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dc.contributor.advisorBoulton, Mikeen
dc.contributor.authorBreen, Cara J.*
dc.date.accessioned2018-03-16T12:02:45Z
dc.date.available2018-03-16T12:02:45Z
dc.date.issued2017
dc.identifier.citationBreen, C. J. (2017). Causes and Consquences of Victimisation: Associations between Social Anxiety, Self-Esteem, Friendship Quality and Gender (Master's thesis). University of Chester, United Kingdom.en
dc.identifier.urihttp://hdl.handle.net/10034/620962
dc.description.abstractBulling in schools is a worldwide issue and its consequences have been found to be detrimental to young people’s lives (Anderson et al, 2015). To provide a further insight into victimisation, the current study specifically looked at social anxiety, self-esteem and friendship quality as possible consequences and risk factors for being a victim of bullying. To accomplish this, 654 participants consisting of 327 females and 281 males from 6 schools across the U.K and Gibraltar engaged in an online questionnaire. It was concluded that not only does victimisation contribute to levels of social anxiety and low self-esteem, but also that social anxiety, low self-esteem and friendship quality predicts victimisation. As a result, demonstrating that these variables are both consequences and risk factors of victimisation and suggests a possible “cycle” involved. Gender differences in victimisation were also explored. Although no significant gender difference was found for overall victimisation, there were clear differences in the various subtypes of bullying. Specifically, that males were more likely to suffer from physical bullying whereas females were more at risk of indirect and cyberbullying. A practical implication of the results concluded in this investigation is the need for intervention strategies that aim to target the victim’s well-being, such as anxiety levels and self-esteem. As a result, this will in turn help to weaken the victimisation cycle.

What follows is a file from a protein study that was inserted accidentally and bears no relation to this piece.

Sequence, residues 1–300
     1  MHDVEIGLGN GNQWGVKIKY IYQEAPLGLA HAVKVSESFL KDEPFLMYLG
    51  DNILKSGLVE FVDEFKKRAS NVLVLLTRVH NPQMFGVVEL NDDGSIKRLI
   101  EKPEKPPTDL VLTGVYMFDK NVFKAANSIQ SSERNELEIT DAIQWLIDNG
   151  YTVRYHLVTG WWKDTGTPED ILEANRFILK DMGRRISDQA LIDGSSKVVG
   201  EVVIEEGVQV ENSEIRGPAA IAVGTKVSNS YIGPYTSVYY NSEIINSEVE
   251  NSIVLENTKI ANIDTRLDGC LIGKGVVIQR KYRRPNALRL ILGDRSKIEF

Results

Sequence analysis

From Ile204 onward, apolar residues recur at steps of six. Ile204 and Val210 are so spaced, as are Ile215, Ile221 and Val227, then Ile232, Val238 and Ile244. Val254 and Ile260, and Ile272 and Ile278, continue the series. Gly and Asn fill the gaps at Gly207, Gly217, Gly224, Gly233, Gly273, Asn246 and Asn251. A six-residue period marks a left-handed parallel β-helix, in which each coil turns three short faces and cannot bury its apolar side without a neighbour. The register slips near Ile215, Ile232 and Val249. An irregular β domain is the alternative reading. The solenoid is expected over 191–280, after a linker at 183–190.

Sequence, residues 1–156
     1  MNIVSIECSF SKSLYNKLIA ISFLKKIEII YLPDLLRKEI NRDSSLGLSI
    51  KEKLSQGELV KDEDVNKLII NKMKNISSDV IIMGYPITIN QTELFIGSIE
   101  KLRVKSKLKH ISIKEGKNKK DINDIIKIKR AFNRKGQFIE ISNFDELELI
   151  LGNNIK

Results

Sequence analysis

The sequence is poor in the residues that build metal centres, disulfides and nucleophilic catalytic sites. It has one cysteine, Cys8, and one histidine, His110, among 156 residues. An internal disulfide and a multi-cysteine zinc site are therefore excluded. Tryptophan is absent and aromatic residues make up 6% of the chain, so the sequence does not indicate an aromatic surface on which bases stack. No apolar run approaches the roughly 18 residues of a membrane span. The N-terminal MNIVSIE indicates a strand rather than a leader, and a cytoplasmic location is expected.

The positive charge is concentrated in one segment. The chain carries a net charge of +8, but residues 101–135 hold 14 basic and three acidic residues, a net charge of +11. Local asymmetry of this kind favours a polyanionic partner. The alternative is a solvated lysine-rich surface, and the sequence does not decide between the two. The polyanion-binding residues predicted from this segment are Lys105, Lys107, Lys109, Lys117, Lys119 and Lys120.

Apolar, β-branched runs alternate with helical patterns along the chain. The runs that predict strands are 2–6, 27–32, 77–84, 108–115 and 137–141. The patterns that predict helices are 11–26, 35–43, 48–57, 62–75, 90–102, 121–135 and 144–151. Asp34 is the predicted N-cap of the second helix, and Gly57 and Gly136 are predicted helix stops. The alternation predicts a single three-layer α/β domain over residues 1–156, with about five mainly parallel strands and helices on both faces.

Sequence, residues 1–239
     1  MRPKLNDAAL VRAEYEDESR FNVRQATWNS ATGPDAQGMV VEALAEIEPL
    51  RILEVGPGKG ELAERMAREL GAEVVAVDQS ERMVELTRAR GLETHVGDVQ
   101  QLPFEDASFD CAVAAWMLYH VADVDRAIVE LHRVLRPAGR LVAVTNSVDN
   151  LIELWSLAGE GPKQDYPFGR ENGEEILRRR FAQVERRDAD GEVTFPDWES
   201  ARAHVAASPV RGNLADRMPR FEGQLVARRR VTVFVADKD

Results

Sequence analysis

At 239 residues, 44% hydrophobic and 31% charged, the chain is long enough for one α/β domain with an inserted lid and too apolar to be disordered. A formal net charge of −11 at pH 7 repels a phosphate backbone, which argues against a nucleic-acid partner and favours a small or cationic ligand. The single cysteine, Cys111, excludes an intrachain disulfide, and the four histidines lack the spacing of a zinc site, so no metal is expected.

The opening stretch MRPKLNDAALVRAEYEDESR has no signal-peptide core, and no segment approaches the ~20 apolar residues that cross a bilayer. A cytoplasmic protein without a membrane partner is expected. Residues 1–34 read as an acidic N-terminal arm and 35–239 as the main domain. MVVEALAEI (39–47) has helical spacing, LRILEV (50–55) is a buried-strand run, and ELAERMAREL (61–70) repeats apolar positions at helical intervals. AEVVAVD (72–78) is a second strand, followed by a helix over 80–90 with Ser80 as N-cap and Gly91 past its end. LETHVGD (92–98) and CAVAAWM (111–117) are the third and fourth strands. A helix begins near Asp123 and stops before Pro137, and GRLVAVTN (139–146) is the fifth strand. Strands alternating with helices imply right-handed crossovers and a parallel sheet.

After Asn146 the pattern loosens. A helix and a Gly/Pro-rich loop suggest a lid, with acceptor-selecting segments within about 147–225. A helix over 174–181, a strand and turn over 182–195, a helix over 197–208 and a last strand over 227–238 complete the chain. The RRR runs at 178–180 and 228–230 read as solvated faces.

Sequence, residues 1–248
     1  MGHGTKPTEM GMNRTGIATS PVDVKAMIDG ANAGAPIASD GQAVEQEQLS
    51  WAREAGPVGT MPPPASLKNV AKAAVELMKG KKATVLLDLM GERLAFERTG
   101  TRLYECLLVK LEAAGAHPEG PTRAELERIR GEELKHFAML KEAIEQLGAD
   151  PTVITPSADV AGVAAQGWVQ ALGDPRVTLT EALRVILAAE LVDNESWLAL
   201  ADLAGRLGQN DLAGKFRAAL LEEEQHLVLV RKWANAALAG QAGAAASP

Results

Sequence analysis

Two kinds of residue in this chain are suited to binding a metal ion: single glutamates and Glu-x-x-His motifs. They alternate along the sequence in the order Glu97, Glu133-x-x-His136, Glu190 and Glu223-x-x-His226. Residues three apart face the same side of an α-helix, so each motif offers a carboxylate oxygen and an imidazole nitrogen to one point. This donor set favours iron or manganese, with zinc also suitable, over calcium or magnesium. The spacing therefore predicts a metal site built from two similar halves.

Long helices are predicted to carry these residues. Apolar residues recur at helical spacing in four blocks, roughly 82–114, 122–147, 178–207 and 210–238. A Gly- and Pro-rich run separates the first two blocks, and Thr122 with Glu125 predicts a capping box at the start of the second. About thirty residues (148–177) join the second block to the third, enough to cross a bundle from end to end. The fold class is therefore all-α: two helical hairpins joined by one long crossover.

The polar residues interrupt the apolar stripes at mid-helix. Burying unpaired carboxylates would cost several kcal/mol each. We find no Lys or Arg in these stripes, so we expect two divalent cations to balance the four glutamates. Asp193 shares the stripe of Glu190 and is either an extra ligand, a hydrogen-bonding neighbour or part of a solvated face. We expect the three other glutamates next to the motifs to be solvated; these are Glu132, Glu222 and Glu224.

dc.language.isoenen
dc.publisherUniversity of Chesteren
dc.rights.urihttp://creativecommons.org/licenses/by-nc-nd/4.0/*
dc.subjectVictimisationen
dc.subjectSocial anxietyen
dc.subjectSelf-esteemen
dc.subjectFriendshipen
dc.subjectgenderen
dc.titleCauses and Consquences of Victimisation: Associations between Social Anxiety, Self-Esteem, Friendship Quality and Gender.en
dc.typeThesis or dissertationen
dc.type.qualificationnameMScen
dc.type.qualificationlevelMasters Degreeen
refterms.dateFOA2018-08-13T12:51:40Z
html.description.abstractBulling in schools is a worldwide issue and its consequences have been found to be detrimental to young people’s lives (Anderson et al, 2015). To provide a further insight into victimisation, the current study specifically looked at social anxiety, self-esteem and friendship quality as possible consequences and risk factors for being a victim of bullying. To accomplish this, 654 participants consisting of 327 females and 281 males from 6 schools across the U.K and Gibraltar engaged in an online questionnaire. It was concluded that not only does victimisation contribute to levels of social anxiety and low self-esteem, but also that social anxiety, low self-esteem and friendship quality predicts victimisation. As a result, demonstrating that these variables are both consequences and risk factors of victimisation and suggests a possible “cycle” involved. Gender differences in victimisation were also explored. Although no significant gender difference was found for overall victimisation, there were clear differences in the various subtypes of bullying. Specifically, that males were more likely to suffer from physical bullying whereas females were more at risk of indirect and cyberbullying. A practical implication of the results concluded in this investigation is the need for intervention strategies that aim to target the victim’s well-being, such as anxiety levels and self-esteem. As a result, this will in turn help to weaken the victimisation cycle.


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